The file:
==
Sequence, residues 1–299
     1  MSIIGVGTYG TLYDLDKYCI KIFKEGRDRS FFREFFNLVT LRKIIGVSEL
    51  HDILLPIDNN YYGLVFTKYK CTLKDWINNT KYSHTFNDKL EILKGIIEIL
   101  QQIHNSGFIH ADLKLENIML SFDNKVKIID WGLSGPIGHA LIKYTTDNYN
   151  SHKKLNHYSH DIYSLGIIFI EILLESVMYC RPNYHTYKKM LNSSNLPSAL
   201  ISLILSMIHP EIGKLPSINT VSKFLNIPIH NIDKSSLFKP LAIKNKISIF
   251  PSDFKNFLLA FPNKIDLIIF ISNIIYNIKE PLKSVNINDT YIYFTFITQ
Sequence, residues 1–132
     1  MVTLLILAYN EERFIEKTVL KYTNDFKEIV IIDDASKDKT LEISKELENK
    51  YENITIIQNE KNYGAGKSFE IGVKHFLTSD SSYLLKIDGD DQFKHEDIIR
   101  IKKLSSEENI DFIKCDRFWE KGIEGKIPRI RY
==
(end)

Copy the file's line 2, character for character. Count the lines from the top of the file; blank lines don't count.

     1  MSIIGVGTYG TLYDLDKYCI KIFKEGRDRS FFREFFNLVT LRKIIGVSEL